Paterson sees poetry in all things and one of the factors that has you treasure experiencing this life that Jarmusch has displayed for you is how you absorb Paterson’s poetry.  It’s not only spoken by him, whether in his thoughts as he cruises through traffic, or as he walks his dog Marvin (played charmingly by Nellie), but we also see it scrolling across the screen as he speaks in a composed and knowing tone.  It becomes visually embedded in our minds and we crave more.  His poems are perceptive, analytical at times, logical and illogical.  They’re both abstract and they’re ordinary but they’re sublime.  He writes these poems in a notebook, one he keeps to himself, careful they can never be seen.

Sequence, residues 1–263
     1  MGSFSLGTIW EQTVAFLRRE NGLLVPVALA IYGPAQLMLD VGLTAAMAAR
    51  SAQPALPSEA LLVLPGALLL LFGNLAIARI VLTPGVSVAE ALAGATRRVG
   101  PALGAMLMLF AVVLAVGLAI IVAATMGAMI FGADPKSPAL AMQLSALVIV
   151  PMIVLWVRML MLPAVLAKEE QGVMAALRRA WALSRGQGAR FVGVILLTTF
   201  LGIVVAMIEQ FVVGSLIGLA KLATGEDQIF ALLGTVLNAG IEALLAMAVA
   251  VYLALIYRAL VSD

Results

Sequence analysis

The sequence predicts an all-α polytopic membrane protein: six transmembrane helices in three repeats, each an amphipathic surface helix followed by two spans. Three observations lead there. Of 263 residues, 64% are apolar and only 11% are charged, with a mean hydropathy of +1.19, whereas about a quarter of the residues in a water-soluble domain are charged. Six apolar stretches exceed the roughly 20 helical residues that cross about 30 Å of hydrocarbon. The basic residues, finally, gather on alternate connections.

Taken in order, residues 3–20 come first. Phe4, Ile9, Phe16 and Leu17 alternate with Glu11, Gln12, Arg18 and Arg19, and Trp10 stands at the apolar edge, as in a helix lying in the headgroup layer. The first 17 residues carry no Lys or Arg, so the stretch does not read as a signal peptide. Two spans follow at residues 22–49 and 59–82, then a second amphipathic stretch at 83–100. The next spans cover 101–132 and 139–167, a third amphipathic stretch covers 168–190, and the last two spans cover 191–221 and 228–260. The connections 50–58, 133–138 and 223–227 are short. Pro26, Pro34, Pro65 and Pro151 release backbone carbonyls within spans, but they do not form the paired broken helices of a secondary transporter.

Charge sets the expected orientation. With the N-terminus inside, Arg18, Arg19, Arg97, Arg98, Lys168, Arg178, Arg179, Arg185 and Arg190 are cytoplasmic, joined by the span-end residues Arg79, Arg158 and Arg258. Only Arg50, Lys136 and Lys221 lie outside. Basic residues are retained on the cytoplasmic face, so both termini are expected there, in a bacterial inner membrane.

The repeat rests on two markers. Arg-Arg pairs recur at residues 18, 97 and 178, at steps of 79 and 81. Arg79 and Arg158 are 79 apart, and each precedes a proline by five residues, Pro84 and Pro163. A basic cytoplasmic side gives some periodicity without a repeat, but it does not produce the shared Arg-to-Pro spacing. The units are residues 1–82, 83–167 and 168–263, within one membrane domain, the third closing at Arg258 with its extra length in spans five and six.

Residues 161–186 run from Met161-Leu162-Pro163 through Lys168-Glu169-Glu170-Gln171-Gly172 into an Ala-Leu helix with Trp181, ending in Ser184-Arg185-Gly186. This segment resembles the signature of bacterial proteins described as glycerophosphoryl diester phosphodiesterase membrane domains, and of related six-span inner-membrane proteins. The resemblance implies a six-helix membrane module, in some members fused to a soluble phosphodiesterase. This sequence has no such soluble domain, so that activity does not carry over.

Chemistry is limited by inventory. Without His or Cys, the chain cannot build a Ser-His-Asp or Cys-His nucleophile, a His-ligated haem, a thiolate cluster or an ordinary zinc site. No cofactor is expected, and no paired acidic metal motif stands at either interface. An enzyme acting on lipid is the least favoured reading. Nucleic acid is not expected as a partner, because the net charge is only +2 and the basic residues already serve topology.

We are with Paterson for a week of his life.  He has a girlfriend, has a dog and is methodized, unlike girlfriend Laura (Farahani), who is all over the place.  A painter obsessed with the color black one minute, a baker the next; him a structured poet, her a musician… this week, anyway.  The relationship is sound as they balance each other, or so it would seem… perhaps not?  Do they love each other or are they just putting up with one another for convenience sake?  Upon reflection, you realize there’s much more going on than you first thought.  It can be slow in moments but the movie consumes you, more or less.  It is, simply put, poetic.  Once you’ve seen “Paterson” it will stick with you for quite some time.  The alpha male battle he has with Marvin, also the conflict within himself over what or who he is, is gripping to observe.  Driver does such a remarkable job of bringing levels to this character without nearly uttering a word that he seduces you.  I highly recommend you see this film.  You’ll never see Driver as Kylo Ren again.